Lena and Cory met at a pub in Richmond where Lena worked a few nights every week. On their first date, Cory says he knew that they would be together forever, and they later joked about it. A few days after that date, they expressed their love for each other, but Lena needed him to understand something important before she could commit to a relationship.

“I told him that if he wanted more kids, I wasn’t the woman for him, as it was likely I couldn’t have any more children,” she says. “The day I learned I was pregnant, Cory said it was a sign that we were meant to be, and that completely sealed our fate.”

When they met, Cory and Lena each had a son from a previous relationship, but neither had donated cord blood after a birth. This time, however, they had a powerful motivation to join Canada’s Lifeline.

“After my mom was diagnosed with breast cancer in 2019, one of my son’s best friends was diagnosed with leukemia that same year, and he needed stem cells to help in his recovery,” says Lena. “The little boy was eventually cured of his cancer with cord blood stem cells at the same time we got pregnant.

“So, there was no question in our minds that we had to donate cord blood.”

Cord blood donors Lena Mallary and Cory Greenhalgh pose with their baby and Lena’s son at a corn farm in B.C.


Lena Mallary and Cory Greenhalgh donated cord blood after the birth of their daughter. They had seen cord blood stem cells save the life of a young family friend.

Your little miracle can help save someone’s life

Before Lena set out to learn about cord blood donation, she hadn’t realized there were so many ways to give to Canadian Blood Services. In her own words, “I often thought of the organization only as a blood collector.”

But reading about cord blood also helped her learn that financial donors are a critical part of Canada’s Lifeline. In fact, in 2011, when Canadian Blood Services launched the Campaign For All Canadians — a fundraising effort to help build a national, public cord blood bank — financial donors contributed $12.5 million. And since the public bank was established in 2013, more than 37,000 mothers have donated their baby’s cord blood.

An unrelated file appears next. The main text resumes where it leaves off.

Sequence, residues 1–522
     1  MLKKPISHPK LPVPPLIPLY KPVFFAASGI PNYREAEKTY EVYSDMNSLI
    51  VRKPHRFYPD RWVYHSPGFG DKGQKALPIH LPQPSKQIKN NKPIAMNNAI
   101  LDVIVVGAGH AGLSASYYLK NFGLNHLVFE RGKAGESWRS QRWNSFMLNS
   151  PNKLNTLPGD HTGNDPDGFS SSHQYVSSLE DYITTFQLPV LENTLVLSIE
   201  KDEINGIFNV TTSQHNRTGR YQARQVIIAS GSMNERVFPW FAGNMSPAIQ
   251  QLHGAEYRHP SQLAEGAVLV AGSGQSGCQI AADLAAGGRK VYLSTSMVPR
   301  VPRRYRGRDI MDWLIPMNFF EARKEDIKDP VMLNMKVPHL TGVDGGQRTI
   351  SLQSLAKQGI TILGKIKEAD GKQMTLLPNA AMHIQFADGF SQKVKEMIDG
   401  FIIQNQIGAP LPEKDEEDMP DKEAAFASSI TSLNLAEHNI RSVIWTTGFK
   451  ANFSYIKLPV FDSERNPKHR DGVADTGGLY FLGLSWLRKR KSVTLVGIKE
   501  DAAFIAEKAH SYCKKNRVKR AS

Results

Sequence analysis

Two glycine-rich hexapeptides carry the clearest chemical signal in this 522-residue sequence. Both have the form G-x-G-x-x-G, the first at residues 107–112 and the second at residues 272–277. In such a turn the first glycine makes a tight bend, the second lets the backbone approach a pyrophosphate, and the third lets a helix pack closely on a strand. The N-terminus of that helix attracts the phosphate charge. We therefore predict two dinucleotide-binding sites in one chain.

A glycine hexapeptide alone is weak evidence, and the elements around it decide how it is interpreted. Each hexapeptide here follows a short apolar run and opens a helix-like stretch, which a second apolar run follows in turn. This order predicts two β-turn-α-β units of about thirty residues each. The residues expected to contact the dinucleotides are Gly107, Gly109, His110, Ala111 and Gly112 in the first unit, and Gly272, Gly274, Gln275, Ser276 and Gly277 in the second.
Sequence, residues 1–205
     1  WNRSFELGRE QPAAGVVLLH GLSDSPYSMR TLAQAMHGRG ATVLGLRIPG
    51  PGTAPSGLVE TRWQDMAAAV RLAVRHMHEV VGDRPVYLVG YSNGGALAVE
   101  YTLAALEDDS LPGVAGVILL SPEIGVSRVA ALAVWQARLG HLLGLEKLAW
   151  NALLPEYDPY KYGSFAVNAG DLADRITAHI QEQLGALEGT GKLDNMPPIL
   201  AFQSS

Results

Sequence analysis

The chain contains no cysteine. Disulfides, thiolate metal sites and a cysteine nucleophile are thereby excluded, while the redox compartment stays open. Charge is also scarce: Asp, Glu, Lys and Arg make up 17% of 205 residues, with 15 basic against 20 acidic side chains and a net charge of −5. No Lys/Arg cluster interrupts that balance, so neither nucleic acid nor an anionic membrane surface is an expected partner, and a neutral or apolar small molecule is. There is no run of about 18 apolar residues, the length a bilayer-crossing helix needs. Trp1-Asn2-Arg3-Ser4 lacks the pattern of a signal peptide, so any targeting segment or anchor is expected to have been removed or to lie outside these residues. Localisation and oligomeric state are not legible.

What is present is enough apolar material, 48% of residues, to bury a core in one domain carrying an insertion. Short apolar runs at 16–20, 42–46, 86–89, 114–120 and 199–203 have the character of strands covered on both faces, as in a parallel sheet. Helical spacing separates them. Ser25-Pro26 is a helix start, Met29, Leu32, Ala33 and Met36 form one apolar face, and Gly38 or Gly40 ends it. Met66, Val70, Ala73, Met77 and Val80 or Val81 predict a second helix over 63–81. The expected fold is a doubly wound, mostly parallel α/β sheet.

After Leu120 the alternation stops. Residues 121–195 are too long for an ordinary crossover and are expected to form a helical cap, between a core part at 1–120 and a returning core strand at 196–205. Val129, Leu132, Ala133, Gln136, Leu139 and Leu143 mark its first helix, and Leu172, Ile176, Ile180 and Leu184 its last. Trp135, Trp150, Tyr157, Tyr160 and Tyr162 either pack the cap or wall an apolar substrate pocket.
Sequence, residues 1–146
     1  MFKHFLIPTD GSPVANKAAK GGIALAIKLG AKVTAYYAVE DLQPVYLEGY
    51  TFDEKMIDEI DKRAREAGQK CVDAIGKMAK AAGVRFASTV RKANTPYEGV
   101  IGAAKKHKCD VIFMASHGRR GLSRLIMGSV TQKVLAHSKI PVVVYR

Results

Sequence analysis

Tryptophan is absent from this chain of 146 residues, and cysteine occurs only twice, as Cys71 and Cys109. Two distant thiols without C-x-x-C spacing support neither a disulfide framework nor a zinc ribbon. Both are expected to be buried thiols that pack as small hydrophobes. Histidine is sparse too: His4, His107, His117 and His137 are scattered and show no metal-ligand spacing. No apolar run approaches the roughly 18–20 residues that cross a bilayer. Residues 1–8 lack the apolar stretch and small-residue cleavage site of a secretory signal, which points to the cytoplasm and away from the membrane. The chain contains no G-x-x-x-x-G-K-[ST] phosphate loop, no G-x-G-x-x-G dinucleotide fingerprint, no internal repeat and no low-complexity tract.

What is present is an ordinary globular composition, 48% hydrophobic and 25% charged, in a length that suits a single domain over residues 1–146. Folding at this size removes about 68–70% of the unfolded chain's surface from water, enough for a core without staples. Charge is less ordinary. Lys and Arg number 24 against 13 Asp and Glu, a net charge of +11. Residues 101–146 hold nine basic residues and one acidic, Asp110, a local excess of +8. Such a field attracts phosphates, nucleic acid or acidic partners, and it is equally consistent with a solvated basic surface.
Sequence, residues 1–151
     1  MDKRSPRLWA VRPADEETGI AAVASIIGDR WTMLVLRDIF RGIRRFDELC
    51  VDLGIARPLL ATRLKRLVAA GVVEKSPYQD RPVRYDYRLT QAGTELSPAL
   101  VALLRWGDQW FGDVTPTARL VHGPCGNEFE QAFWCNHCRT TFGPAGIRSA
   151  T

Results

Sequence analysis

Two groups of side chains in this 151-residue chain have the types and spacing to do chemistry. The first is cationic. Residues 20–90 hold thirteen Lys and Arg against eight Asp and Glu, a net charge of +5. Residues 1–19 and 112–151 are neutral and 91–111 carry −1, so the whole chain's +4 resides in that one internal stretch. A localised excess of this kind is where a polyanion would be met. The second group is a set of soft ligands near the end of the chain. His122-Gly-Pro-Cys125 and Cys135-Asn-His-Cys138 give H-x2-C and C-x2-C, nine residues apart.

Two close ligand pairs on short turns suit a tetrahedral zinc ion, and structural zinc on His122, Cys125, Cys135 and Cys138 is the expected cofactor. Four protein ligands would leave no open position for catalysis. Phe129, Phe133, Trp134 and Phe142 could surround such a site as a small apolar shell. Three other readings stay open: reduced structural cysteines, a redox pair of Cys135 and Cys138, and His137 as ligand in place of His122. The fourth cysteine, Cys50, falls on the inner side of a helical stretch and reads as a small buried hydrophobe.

By registering to donate cord blood, donors give hope to patients in need and also reduce the chance that the cord blood and placenta will be simply discarded as medical waste. However, it’s important to note that not all collected cord blood units are suitable for banking. Sometimes — for reasons that are not connected to the health of the mother or baby — their volume is insufficient, or they don’t contain enough stem cells to be used for a stem cell transplant. In such cases, with the mother’s consent, such units are dedicated to our Cord Blood for Research Program, which helps to advance stem cell therapies and transplantation practices.

How donated umbilical cord blood saved the life of another newborn

Learn more about the use of cord blood for research

“After watching our friends’ son go through the journey of needing stem cells, we saw how incredibly important it is to try and help whenever we can,” says Lena. “The little boy’s experience opened my eyes to all the work that Canadian Blood Services is doing to help patients, and donating my baby’s cord blood was a fulfilling way for me to play my part.”

This World Cord Blood Day, and every day, we encourage expectant moms to register online to donate their babies’ cord blood. And if you’re between the ages of 17 and 35, you can join Canadian Blood Services Stem Cell Registry by requesting a donor swab kit online. You can also support stem cell recruitment and education initiatives by making a financial gift at give.blood.ca.

Share this story

ShareTweetShare

Related stories